References: <firstname.lastname@example.org> <3DB68771.7D6EFC53@webaccess.net>
Subject: Re: How does a mixer work?
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Date: Wed, 23 Oct 2002 12:10:26 -0500
NNTP-Posting-Date: Wed, 23 Oct 2002 11:47:00 EST
"Chuck Simmons" wrote in message news:3DB68771.7D6EFC53@webaccess.net...
> John Woodgate wrote:
> > I read in sci.electronics.design that John S. Dyson
> > wrote (in ) about 'How does a mixer
> > work?', on Tue, 22 Oct 2002:
> > > Additionally,
> > >the
> > >normal linear transforms (where spectrum analysis is allied to the fourier
> > >kind of transform) don't generally work well WRT nonlinear operations (or
> > >with signals that have time varying characteristics.)
> > Again, this is confused and misleading. You can certainly, for example,
> > do Fourier analysis on a half-wave or full-wave rectified sine wave,
> > which is the result of a non-linear process.
> I think he is refering to the problem familiar to servo engineers having
> to do with instrumental methods of Fourier analysis. In particular, some
> dynamic analyzers use white noise to excite a system, collect data for a
> time, then apply a DFT and finally display the result. This is
> unworkable on many servo systems because the spectrum that results is
> highly polluted with modulation products that are of no interest
> whatever. Much more meaningfull results are obtained using swept sine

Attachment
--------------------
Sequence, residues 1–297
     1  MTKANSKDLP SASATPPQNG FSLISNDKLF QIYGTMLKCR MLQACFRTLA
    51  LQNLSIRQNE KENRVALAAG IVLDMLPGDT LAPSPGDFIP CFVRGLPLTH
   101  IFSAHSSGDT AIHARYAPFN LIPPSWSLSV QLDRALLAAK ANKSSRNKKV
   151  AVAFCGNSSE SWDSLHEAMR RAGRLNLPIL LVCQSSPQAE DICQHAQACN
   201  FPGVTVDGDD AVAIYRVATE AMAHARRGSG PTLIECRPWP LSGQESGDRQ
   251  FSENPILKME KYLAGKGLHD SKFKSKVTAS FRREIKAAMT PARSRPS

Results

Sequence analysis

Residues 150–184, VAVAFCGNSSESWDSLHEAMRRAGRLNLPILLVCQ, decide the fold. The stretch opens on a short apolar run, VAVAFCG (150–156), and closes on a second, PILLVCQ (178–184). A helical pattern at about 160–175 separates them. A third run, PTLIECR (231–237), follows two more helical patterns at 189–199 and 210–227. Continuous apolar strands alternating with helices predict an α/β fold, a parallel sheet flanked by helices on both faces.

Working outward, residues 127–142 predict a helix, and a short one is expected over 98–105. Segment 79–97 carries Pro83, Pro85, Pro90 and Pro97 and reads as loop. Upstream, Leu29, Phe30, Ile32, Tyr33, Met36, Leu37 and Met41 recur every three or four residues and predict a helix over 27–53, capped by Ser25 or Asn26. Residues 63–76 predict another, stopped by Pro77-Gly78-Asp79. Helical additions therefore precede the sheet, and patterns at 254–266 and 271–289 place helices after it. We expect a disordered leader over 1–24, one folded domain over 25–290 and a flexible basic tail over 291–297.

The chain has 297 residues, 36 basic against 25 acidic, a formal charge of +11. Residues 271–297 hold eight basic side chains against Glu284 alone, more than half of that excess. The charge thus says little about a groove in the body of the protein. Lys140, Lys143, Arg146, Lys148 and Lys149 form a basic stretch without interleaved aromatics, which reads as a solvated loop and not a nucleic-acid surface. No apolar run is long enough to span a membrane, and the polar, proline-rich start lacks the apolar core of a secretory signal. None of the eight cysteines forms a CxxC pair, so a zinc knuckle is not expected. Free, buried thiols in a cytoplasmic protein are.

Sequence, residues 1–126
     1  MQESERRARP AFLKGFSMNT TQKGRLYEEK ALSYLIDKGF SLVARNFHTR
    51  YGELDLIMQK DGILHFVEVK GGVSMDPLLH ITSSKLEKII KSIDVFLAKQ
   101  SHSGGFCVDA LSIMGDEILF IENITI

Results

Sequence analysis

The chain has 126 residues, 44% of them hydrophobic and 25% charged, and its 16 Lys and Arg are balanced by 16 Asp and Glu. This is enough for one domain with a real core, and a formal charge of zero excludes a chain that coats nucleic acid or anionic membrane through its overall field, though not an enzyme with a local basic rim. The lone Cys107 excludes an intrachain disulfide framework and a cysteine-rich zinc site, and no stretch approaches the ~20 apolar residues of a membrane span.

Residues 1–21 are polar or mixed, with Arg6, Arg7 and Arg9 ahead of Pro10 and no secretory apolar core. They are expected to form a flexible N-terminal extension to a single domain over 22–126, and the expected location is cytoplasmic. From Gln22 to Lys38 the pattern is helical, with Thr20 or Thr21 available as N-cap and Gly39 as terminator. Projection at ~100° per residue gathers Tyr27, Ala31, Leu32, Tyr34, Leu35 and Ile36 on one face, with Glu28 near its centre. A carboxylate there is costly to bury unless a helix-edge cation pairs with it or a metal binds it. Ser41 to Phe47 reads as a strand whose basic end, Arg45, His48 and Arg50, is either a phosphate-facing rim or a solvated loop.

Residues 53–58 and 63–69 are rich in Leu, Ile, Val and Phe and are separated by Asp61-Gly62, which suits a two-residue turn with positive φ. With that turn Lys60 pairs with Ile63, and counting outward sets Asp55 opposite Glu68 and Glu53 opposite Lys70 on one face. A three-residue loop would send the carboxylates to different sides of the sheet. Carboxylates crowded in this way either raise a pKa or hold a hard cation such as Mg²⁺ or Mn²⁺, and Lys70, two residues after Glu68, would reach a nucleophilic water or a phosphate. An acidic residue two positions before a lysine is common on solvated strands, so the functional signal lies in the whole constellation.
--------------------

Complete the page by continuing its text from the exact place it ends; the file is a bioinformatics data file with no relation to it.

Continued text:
> excitation and using single point DFTs at frequency points in the sweep.
> This eliminates meaningless garbage from the spectrum. Dynamic analyzers
> from Agilent and SRS of the better sort have swept sine available.
Note also, that the real world nonlinear devices will also pollute the spectrum.,
Much of the world is chaotic and nonlinear, and trying to model it with
linear transforms (in general) is foolhardy. That doesn't mean that there
are specific cases where linear transforms and models using ergodic functions
cannot be useful, but it does mean that they aren't sufficient (in general.)
If someone can develop a full theory of a nonlinear fourier transform that is
as easy to understand as the f(t) nonlinear domain, then the nonlinear frequency
domain becomes more useful (in general.) We can certainly conceptually
pattern match the nonlinear behavior in the frequency domain, but that
is a 'technicians view', akin to an engineers helper.